A Glimpse into TechCrunch's Disrupt SF Conference
Dave Schools, Former Digital Strategist
3 days, 5,000 people, 35 talks, 25 pitches, and startups everywhere
Last week, I was able to attend TechCrunch Disrupt, which is an annual, global three-day tech conference in San Francisco.
Given Viget's long history of working with startups, Disrupt was of particular interest to me. The conference brings together promising startups and some of the most established companies in tech.
As a media brand itself, TechCrunch did an amazing job covering the event with plenty of posts and live videos, but I thought it might be valuable to share an outside opinion of the experience and a handful of insights I found most interesting. Below, you’ll find a mix of news, anecdotes, and quotes.
I was excited to hear from the impressive lineup of speakers — folks from Facebook, Uber, Google, Twilio, Udacity, Twitch, and others. Steph Curry and Marc Andreessen were two of the most interesting to me.
Highlights from Speakers
Below are some speaker session highlights. For full coverage of the talks, visit the Entrepreneur's Handbook, where I write about a variety of startup topics in detail.
The three most talked about topics at the conference were machine learning, VR/AR/MR, and driverless cars.
Diane Green of Google announced Evernote is moving its data over to Google Cloud, in a big jab at Amazon’s AWS.
David Marcus, Head of Facebook Messenger, revealed the two biggest updates to Messenger: 1) customizable UI and 2) native payments. Soon, users will be able to do tasks such as purchase airline tickets with payment, itinerary, and customer support all within Messenger.
DraftKings CEO Jason Robins announced DK Live, a news aggregator for all your Fantasy Football players in one place.
Udacity CEO Sebastian Thrun thinks the most in-demand tech job of the future will be self-driving car engineers.
Jager McConnell CEO of Crunchbase announced the launch of CB Pro. Users now can do in depth graph searches, such as “female founders who went to Yale and previously worked at Salesforce.”
Jeff Lawson, CEO of Twilio, said bots are frustrating and we have a long way to go before the AI experience is smooth. He recommends focusing on content, especially the ability to “choose your own adventure” and drill down into content, where users can select how they want to learn more.
Tim Armstrong, AOL CEO, said their plan to take on Google and Facebook is not to chase or copy them, but to do something completely different. “Google is search and Facebook is social, Verizon/Yahoo/AOL is brand.”
Secretary of Defense Ash Carter said, “We need Silicon Valley,” and the government is specifically looking for cybersecurity engineers.
Marc Andreessen said, “Twitter and the Internet haven’t changed anything. They’ve only pulled back the curtains of what has always been there.” He also advised leaders to be very specific and strict on goals, but very flexible on tactics. “The popular phrase ‘fail fast’ is about tactics. ‘Fail fast’ applied to strategy is catastrophic.”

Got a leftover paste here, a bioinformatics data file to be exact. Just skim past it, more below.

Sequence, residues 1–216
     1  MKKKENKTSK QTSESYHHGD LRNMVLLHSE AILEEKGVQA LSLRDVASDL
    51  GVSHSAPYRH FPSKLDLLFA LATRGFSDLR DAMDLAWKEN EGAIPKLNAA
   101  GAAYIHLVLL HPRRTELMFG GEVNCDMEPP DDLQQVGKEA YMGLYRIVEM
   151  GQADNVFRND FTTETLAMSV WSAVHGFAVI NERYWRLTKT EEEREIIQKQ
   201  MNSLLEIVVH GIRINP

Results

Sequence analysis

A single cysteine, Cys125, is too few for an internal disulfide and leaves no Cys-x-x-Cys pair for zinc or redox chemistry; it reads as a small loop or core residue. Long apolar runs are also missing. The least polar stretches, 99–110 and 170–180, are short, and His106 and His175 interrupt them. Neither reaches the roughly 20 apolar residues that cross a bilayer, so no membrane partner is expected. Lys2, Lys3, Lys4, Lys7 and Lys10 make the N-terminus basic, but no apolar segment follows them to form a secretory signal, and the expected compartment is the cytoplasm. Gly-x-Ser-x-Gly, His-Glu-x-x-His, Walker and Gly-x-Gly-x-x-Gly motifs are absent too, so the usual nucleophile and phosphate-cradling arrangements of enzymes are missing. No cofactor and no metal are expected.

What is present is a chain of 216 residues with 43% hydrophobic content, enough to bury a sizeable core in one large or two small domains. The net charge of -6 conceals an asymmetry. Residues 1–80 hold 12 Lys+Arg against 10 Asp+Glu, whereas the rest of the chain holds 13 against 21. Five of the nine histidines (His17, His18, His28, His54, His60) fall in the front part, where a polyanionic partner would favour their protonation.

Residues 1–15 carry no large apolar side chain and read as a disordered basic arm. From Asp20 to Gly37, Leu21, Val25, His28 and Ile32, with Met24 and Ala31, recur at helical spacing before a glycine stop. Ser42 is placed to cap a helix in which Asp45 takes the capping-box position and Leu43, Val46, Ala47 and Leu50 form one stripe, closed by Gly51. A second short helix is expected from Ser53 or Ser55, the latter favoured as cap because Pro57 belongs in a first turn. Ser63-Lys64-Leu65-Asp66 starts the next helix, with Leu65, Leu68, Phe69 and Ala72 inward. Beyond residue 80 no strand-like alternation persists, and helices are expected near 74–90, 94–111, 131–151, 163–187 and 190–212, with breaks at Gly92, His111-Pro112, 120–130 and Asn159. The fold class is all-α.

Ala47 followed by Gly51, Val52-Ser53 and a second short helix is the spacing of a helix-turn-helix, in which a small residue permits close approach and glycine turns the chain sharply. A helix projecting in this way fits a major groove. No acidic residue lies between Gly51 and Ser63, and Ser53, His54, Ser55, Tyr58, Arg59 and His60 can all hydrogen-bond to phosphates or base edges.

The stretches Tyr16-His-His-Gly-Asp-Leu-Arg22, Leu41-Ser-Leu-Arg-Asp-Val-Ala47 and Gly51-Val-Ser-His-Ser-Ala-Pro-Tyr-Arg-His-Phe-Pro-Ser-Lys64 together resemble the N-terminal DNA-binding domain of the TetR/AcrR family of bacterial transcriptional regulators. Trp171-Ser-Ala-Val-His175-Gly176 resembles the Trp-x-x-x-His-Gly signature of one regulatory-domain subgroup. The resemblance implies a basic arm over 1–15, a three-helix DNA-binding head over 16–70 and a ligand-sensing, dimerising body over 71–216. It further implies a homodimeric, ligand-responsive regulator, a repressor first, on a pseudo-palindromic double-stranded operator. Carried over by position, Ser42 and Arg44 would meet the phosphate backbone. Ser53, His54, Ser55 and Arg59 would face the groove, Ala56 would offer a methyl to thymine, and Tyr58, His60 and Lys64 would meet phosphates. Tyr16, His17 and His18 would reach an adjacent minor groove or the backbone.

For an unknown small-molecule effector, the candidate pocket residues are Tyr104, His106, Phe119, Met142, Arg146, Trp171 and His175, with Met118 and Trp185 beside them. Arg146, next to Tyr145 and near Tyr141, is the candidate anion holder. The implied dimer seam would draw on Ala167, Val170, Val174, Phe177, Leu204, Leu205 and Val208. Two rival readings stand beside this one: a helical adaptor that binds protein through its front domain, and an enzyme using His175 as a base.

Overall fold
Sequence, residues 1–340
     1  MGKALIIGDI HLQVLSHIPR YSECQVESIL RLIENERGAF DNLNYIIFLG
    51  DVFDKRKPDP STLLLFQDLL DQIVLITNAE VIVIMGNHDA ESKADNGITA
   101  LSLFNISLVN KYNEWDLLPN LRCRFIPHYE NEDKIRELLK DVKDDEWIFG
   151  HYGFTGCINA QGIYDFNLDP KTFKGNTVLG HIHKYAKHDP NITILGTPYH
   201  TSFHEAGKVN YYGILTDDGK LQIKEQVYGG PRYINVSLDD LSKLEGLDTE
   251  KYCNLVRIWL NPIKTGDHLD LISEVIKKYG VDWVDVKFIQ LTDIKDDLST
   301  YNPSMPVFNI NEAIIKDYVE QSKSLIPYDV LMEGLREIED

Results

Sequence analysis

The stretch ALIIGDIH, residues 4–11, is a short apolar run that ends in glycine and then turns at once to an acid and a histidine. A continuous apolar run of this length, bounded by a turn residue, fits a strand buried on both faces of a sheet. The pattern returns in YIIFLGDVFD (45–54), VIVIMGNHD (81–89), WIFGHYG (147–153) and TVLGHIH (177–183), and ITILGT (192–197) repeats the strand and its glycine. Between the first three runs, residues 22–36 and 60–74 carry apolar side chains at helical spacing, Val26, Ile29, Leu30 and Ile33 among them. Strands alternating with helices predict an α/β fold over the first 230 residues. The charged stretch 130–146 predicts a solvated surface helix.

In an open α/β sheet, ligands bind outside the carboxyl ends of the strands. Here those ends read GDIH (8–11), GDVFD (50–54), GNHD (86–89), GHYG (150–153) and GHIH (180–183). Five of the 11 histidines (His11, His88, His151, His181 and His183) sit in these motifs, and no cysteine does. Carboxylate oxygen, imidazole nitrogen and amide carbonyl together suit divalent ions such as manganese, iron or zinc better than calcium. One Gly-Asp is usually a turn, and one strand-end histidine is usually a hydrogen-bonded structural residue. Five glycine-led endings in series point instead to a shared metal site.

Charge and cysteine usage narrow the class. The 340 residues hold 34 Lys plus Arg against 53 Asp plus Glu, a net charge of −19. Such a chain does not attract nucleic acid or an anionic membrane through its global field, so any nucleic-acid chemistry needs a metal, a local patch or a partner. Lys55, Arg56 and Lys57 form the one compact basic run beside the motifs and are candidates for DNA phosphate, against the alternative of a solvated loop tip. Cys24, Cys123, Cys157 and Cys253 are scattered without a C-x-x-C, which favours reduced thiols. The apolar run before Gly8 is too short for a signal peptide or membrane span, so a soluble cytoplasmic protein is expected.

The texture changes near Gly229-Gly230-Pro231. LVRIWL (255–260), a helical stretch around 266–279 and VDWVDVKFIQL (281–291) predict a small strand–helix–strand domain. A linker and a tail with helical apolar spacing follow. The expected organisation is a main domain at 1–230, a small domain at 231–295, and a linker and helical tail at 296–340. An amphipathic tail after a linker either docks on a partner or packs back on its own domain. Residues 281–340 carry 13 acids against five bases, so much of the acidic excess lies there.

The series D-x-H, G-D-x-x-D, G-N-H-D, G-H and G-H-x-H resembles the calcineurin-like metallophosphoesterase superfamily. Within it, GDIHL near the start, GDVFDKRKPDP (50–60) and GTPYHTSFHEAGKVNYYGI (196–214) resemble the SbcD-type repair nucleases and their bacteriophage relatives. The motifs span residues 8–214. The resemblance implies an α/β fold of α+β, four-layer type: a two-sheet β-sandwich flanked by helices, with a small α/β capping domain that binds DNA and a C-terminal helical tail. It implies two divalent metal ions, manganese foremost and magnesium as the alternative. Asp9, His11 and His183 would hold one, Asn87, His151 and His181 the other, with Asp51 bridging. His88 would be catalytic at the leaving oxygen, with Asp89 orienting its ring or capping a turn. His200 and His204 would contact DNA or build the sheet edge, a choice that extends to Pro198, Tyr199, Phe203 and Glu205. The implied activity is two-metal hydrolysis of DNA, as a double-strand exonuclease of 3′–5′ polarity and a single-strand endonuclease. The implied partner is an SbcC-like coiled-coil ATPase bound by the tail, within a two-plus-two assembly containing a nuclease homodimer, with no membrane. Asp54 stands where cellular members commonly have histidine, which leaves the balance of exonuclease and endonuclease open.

Uber will soon be offering machine-learning-as-a-service, according to Danny Lang, Director of Machine Learning at Uber.
- Affectiva, an innovator in emotional AI, announced they’re releasing their SDKs for free to companies making under $1m/year. Affectiva, also announced partnering with Giphy to search for GIFs by making facial expressions.
InstaCart plans to be cash-flow positive in 12 months. So far they’ve raised $275 million in funding.
Facebook thinks of itself as a technology company more than a media company, said Adam Mosseri, Head of Newsfeed.
Outside the large conference room, hundreds of startups set up booths on a “trade show” floor for attendees to visit and demo.
I enjoyed painting in 3D virtual reality at Toyota’s Prius display.
I also met Ryan Carson, CEO of Treehouse, who said, “Anyone can ditch college and learn to code in a year for $2,400 with a new program we just launched.” I also met a Red Bull senior brand strategist named Chris (sidebar: there was free Red Bull everywhere — I drank nothing else) and a Tech Crunch senior reporter who said the key to pitching press is all about the storytelling — you have to frame your startup in a problem-solution storyline.
In the afternoons, Startup Battlefield was a series of 25 startups pitching in front of a panel of judges (and the audience). Finalists were chosen, and then a runner up and the winner were selected. The conference ended with the winner receiving a $50,000 check.
Mobalytics won first place. And UnifyID won runner up.
Instead of listing the participants, I made my own award categories and have chosen to highlight seven startups I found most interesting:
#IsThisForReal - UnifyID replaces our current username and password system by linking the biometric data from your devices to authenticate you.
#WatchOutGoogle - Sensay provides real-time access to expert humans to solve your problem using AI.
#FutureOfRadio - Pundit is a voice-based social network. Think Medium but with 30-second podcasts.
#LetMePayNow - GiftBit allows ecommerce businesses to make their own e-currency to drive sales.
#ForTechNerds - BlazingDB + Sqreen are two tools every developer should know about.
#HealthTech - Carbon Health is a hospital in your hand. Decentralizing healthcare through technology.
#WhatThe - Spincle is a 360 photo and video sharing mobile app with VR capabilities.
Between the smart people, cool tech, and interesting startups, there’s a lot to experience at Disrupt. I would recommend it to anyone interested in getting a strong pulse on the global tech industry. Also, venture capitalists and press were everywhere. If you’re looking to make connections to raise funding or get noticed, it’s a great place to be.
Hit me up if you have any questions about the event.